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The After-Graduation Series: My Life in Professional Clothes–Part One of a two-part series on my recent conference attendence in Guatemala City

In these past few months working with Manos Abiertas, I’ve happened upon some very interesting conferences. From one conference to another, I’ve encountered some common themes: the frigid environs of the Westin Camino Real in Guatemala City (perhaps the fanciest and gaudiest hotel I’ve ever seen) as well as the lack of communication between midwives and the Guatemalan national health system.

The first conference, put on by UNFPA (UN Population Fund), was called “Conversation: Midwives as an essential part of maternal health and development.” Held in honor of the International day of the Midwife, the conference mirrored one of UNFPA’s missions in Guatemala–to empower indigenous women by strengthening maternal health systems via an intercultural approach. Following this mission, the conference served as a merger of representatives from Guatemalan government, doctors, and traditional midwives.

Celebrating International Midwives Day in Guatemala: Government representatives, doctors, and traditional midwives panel on May 12, 2011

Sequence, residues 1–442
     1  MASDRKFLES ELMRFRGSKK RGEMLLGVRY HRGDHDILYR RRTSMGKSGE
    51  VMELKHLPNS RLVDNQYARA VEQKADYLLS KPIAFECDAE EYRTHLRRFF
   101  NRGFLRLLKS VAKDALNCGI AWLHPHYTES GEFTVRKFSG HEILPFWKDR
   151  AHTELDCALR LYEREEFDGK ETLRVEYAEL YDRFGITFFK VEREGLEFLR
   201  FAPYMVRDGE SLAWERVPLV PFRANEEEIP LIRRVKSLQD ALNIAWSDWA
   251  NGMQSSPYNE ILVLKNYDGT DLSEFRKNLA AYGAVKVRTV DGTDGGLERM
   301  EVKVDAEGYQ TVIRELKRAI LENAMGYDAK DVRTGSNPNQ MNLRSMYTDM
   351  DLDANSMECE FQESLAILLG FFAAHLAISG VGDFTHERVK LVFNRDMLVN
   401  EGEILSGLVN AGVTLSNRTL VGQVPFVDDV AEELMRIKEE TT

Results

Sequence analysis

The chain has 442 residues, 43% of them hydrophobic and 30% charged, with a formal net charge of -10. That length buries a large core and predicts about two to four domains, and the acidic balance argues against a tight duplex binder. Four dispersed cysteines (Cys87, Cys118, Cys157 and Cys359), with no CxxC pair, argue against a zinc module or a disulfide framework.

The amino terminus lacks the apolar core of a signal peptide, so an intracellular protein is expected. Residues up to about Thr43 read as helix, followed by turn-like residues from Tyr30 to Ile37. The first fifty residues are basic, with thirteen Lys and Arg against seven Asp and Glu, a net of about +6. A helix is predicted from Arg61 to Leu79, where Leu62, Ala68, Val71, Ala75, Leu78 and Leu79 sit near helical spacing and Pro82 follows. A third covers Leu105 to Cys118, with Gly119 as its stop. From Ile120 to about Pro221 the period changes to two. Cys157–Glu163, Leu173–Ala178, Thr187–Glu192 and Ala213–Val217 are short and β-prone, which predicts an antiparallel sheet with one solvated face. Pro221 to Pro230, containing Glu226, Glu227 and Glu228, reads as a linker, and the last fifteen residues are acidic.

As Guatemala has one of the highest maternal mortality rates in the region, this merger of health professionals and government is something that everyone agreed needs to happen to reduce maternal mortality. What complicates matters is that although traditional midwives, or comadronas, attend to greater than a third of prenatal care, they are largely unrecognized by the Guatemalan government and doctors. It’s also important to mention that it is by and large traditional midwives–not government officials or doctors–who are working in the rural areas that are the hardest to reach and have the worst health indicators. In reality, midwives, not government health programs, are the health care providers for many rural populations. Unfortunately, the conclusion of this conference left me with the feeling of “Yeah, we (traditional midwives, governments, and doctors) should work together,” but so far there’s not even talk of creating a network to unite these vastly different worlds.

Laura Stephenson is a recent environmental science graduate from the University of North Carolina-Chapel Hill, focusing in environmental and community health. She is currently studying Spanish in Antigua, Guatemala. Laura writes the “After” Life of an Environmental Studies Student series, telling stories of the activities and endeavors of environmental science and studies students after graduation.

Posted on: July 19, 2011, 9:43 am Category: The "After" Life of an Environmental Studies Student Tagged with: , ,

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